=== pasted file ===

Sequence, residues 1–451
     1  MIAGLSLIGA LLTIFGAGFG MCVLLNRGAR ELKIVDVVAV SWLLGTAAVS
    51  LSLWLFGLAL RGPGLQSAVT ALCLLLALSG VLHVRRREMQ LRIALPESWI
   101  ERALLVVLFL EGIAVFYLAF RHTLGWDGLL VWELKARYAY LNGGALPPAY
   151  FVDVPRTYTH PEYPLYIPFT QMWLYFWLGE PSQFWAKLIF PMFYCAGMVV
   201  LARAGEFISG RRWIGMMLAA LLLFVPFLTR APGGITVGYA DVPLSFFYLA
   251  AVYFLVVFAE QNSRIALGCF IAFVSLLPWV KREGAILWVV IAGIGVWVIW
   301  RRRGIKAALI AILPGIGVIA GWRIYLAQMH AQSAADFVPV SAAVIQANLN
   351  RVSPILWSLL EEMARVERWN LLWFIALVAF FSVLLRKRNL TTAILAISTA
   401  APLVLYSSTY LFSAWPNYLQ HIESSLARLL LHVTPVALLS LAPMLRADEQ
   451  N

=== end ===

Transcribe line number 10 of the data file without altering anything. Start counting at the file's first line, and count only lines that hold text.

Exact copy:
   401  APLVLYSSTY LFSAWPNYLQ HIESSLARLL LHVTPVALLS LAPMLRADEQ